I know many people could boast histories in which their beliefs and actions were contrary to their best interests. I certainly can. I chose to act that way so many times, to believe the lies I told myself — I did. Read here what Abraham-Hicks says about that:
There is nothing that you can do that is worse for yourself, than to do something that you believe is inappropriate. And so, get clear and happy about whichever choice you make.
Excerpted from the workshop in Los Angeles, CA on July 25, 1999
Abraham does not suggest we should act appropriately. Every person acts differently on the path to self-fulfillment. If we live by the rules of others, we are automatically opting for a life of conflict, and we will search and search until we learn to do what makes us happy.
When I was twenty-three, I loved this musician, B. He is a reader of this blog now, so Hi, B! He asked me to accompany him to Colorado, where a friend of his, S. needed B. and his guitar to join a new band. It sounded like a great idea to me. I was just out of a very-too-young marriage, and I guess I was looking for the best escape from my screw-up. I hopped in the truck, despite the objections of my mother and the rest of my family, and B. gave Mom his promise not to abandon me.
(B., watch out if you plan on coming to Maine, because my mom still intends to kick your ass.)
Colorado was like no place I ever lived before. Beautiful — the beginning of my love affair with mountains. We settled in Colorado Springs, a far larger city than I ever tried to handle before. Blah, blah, details, details. B. met someone else, and left me by myself. If I were wise then, I would have come home and stayed home, but I didn’t. I flew back to Colorado and married someone else. I never gave him a chance, though. That was the beginning of a life of choices which were not to my own benefit.
I continued to behave outside of my best interest, right up until a couple of years ago. I was not managing my diabetes, was trying yet another relationship, with a man I’d known all my life, who turned out to be a jerk and a jackass. I am sure that I could have died from lack of motivation, if I didn’t die from bad medical practices. I felt lost, and sad. But my sadness couldn’t point me to positivity; one day I simply decided to live in peace and joy, or at least to be contented. My life changed.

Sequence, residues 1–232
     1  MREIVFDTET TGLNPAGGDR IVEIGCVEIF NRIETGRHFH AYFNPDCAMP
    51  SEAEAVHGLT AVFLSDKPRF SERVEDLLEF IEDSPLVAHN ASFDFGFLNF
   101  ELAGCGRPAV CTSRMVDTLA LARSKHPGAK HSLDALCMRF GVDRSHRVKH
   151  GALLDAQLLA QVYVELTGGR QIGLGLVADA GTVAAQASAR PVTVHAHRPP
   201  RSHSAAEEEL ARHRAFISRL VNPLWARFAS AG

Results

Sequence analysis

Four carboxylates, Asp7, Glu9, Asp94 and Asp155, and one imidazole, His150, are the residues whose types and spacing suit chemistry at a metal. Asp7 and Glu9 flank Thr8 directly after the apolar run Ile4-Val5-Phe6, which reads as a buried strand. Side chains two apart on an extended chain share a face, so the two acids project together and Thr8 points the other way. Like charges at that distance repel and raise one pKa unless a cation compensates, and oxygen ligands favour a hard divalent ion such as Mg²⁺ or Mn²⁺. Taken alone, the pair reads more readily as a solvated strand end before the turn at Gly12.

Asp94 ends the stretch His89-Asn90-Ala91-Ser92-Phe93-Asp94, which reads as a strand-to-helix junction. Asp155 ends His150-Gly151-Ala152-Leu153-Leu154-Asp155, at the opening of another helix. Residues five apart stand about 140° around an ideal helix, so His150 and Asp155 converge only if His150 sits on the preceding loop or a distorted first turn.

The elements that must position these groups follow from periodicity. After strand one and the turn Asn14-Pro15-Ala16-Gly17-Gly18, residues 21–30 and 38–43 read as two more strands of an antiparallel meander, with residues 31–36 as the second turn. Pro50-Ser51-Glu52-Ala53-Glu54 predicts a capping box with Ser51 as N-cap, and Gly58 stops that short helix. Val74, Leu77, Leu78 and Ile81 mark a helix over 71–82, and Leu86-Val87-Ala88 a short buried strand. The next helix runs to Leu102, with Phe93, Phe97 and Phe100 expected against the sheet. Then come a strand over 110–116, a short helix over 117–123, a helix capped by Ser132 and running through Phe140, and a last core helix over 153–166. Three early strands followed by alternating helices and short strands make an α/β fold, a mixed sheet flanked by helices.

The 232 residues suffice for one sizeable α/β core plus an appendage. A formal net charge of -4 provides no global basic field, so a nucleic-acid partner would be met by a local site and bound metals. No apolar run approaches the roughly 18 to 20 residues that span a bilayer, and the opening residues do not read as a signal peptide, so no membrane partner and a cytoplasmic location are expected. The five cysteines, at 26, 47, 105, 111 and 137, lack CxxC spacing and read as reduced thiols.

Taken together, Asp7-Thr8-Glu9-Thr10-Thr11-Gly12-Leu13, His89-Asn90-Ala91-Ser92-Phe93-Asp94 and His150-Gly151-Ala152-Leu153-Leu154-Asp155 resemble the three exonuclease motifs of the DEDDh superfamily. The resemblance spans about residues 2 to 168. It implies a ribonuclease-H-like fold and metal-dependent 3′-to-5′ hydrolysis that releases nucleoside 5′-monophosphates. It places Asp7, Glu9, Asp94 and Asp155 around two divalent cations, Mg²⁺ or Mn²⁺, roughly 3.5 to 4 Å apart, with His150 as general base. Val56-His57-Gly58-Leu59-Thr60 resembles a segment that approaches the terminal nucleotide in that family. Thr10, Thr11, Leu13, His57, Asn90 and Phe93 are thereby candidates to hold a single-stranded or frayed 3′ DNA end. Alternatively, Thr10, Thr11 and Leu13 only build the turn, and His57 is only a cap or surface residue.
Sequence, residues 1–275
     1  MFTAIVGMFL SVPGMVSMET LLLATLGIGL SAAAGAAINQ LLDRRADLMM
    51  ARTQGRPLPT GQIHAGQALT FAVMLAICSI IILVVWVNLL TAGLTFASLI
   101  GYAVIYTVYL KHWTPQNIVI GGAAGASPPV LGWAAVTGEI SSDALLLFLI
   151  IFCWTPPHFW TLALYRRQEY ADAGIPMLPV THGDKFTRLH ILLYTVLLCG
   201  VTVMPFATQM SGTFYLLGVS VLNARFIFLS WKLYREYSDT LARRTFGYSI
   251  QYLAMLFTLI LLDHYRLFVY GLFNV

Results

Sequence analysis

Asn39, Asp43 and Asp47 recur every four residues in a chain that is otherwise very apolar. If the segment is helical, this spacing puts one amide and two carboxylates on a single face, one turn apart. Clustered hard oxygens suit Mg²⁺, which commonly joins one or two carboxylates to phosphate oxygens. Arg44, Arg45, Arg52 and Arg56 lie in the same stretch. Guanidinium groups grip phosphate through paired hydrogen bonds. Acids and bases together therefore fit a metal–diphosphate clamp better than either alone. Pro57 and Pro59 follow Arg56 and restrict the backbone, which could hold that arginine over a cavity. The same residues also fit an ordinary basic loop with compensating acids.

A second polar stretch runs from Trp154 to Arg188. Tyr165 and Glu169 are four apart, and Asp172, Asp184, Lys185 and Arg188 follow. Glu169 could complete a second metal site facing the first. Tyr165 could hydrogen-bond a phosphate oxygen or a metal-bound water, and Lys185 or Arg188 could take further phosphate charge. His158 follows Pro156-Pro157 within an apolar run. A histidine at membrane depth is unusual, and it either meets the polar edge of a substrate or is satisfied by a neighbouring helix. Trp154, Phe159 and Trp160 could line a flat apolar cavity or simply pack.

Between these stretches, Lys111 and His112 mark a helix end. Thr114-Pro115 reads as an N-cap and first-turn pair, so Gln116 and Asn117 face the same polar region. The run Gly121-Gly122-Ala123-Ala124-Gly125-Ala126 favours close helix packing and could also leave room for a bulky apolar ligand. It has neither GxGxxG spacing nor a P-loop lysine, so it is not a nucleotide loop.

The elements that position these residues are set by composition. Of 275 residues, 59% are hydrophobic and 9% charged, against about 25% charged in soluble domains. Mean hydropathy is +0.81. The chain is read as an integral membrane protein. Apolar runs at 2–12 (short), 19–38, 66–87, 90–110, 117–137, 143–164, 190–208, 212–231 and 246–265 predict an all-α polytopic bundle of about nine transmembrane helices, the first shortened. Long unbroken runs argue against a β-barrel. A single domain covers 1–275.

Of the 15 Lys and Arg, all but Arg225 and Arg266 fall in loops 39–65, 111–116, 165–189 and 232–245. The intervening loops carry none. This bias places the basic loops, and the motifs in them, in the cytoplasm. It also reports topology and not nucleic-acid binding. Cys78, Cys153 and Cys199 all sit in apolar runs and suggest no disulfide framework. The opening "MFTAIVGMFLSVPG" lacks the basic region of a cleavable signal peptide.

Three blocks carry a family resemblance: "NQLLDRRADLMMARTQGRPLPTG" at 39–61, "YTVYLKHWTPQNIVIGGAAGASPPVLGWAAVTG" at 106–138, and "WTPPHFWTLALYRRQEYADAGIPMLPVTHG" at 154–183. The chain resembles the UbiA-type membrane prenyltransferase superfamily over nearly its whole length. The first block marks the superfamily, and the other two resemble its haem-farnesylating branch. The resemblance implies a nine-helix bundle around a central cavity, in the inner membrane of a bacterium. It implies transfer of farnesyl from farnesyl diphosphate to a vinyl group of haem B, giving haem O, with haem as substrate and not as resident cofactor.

I am sure I still make some decisions that make me unhappy, some of the time, but I am satisfied with the choices I make. If I must, I stop doing whatever is hurting me, and forgive myself, and get back in the groove of joy. Did I finally decide to do the right thing?
No, not really, although I am always reaching for that balance. The way I achieve my goals is to accept myself, no matter what, and love myself, despite the many times I mess up. I spend my life striving for more happiness all the time. Since I am not perfect, I succeed some and fail some. But failure is no longer the looming horror it used to be; I love just being human, with accomplishments and setbacks like everyone else. I do as my heart and head guide me. The real change isn’t me, but rather the definition of what makes me happy.